This is how long freezing fog and frost will last in the South of England as cold snap hits
This week will see temperatures plummet, as a cold spell brings below-freezing conditions to the South of England.
Today (January 2) will be “A cold, rather cloudy day with isolated light showers, more especially towards the Kent coast,” said the Met Office.
“However, some limited bright spells [are] likely in the west. There will be a moderate breeze in the east, but winds lighter towards the west. Maximum temperature 7C.
“It will probably continue largely cloudy with further isolated showers towards the Kent coast, and the risk of any frost and fog patches limited to the west.”
The minimum temperature is expected to be -1C.
Thursday will still be cold and rather cloudy, “more especially in the east with isolated coastal showers for Kent, but perhaps a better chance of some bright or sunny spells developing elsewhere. Maximum temperature 6C.”
Friday and Saturday will see a greater risk of overnight frost and fog patches, “which could be slow to lift”, while Sunday will be “probably cloudier and less cold with frost and fog risk reduced”.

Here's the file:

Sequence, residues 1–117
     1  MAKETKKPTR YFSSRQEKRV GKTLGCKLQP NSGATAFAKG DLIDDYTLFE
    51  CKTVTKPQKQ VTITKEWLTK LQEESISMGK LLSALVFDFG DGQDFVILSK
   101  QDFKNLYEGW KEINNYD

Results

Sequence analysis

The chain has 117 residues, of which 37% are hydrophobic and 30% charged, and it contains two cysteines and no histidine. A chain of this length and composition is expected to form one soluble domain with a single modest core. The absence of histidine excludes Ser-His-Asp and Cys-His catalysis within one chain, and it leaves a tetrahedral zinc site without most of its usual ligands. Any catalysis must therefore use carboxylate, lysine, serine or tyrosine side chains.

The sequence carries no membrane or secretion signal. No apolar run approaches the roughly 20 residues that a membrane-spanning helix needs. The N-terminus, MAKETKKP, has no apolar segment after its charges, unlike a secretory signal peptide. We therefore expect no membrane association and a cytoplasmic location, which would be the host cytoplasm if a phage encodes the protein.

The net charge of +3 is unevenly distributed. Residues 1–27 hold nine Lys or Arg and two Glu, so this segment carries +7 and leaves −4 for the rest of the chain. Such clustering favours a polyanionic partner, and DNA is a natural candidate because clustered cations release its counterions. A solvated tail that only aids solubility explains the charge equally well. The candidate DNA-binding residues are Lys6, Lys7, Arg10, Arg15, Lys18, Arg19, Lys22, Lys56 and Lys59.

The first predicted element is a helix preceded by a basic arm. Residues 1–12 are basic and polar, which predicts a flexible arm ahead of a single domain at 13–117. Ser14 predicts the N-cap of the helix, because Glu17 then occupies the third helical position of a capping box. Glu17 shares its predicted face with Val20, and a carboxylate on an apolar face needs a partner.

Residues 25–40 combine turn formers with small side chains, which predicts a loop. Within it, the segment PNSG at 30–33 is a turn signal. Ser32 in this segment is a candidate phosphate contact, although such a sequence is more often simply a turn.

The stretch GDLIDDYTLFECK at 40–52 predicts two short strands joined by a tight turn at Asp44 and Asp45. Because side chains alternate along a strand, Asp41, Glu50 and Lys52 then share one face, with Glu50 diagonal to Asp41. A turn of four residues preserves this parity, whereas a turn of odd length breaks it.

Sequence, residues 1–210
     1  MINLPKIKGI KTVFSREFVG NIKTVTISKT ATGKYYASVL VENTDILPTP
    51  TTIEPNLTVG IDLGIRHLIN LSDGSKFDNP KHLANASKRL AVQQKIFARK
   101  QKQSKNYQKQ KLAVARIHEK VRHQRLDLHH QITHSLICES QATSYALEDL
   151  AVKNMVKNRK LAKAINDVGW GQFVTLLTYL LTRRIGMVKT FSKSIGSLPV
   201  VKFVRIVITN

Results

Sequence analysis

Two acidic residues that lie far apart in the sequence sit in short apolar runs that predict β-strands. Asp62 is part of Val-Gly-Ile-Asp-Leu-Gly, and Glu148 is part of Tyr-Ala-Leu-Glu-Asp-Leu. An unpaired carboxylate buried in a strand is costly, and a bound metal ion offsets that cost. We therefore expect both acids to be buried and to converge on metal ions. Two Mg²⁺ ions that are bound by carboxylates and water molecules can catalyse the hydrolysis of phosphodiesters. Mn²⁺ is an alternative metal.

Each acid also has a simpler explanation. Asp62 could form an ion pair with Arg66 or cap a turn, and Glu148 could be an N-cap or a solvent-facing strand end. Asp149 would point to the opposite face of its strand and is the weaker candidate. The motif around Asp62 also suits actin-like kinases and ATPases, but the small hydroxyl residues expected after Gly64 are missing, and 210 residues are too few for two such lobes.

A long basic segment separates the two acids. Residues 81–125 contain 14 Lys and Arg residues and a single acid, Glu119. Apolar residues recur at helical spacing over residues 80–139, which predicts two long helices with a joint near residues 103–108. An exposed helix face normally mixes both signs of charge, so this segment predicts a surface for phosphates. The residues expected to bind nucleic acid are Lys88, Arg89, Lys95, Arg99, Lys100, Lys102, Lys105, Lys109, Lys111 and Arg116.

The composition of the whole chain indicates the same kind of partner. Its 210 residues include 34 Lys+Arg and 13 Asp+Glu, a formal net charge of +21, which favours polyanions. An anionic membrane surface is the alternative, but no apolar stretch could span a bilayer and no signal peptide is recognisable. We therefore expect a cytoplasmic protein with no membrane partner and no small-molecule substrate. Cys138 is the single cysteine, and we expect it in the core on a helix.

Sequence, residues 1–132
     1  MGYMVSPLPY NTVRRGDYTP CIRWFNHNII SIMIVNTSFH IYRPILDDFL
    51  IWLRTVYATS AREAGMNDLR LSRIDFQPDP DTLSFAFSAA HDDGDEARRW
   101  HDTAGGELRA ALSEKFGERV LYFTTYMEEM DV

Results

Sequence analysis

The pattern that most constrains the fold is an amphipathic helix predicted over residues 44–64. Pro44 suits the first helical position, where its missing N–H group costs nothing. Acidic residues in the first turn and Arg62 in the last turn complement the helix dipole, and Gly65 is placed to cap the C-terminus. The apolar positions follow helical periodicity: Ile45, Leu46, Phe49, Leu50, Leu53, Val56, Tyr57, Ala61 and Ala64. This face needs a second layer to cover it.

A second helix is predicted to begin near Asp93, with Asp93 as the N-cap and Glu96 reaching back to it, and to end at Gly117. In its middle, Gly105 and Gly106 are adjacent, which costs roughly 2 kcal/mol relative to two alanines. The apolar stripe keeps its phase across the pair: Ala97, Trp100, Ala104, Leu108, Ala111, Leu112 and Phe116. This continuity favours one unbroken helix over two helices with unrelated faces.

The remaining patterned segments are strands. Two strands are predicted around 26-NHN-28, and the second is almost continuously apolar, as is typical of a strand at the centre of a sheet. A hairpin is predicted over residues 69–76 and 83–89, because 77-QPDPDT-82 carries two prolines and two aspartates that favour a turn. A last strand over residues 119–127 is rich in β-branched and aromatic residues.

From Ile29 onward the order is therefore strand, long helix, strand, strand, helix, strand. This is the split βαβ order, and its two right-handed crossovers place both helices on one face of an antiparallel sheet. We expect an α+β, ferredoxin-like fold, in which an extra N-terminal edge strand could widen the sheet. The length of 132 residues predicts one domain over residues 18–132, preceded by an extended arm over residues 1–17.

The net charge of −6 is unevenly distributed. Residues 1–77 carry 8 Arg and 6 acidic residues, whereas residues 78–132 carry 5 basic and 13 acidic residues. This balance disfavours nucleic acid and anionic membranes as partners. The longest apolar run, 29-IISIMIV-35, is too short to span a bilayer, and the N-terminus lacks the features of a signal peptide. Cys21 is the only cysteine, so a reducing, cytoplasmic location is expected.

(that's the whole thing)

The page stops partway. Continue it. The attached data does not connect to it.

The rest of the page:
Looking further ahead for the UK in general, “The second week of the New Year starts mainly settled,” said the Met Office.
“Most places look to be dry with sunny spells after frosty starts, although some fog patches may be slow to clear. The far north and northwest may be cloudier with some drizzle over the hills.
“There is a risk of some hill snow in the north, but perhaps to lower levels at times too. It will be rather cold to start, but temperatures will probably recover closer to average with some milder interludes.”
The second half of January is set to see wet and windy conditions, with cooler temperatures also likely to continue.
According to the Met Office, the second half of this month is “likely [to] start unsettled across most areas at first, with perhaps heavy rain and gales at times, especially in the north, where severe gales are possible.
“Hill snow is also possible, as well as snow to lower levels at times in the north. By the third week of January there is then an increased likelihood of a change to much colder weather generally, bringing an enhanced risk of frost, fog and snow.
“These conditions may then continue to the end of the month, but some milder, wet and windy interludes also remain possible throughout this period.”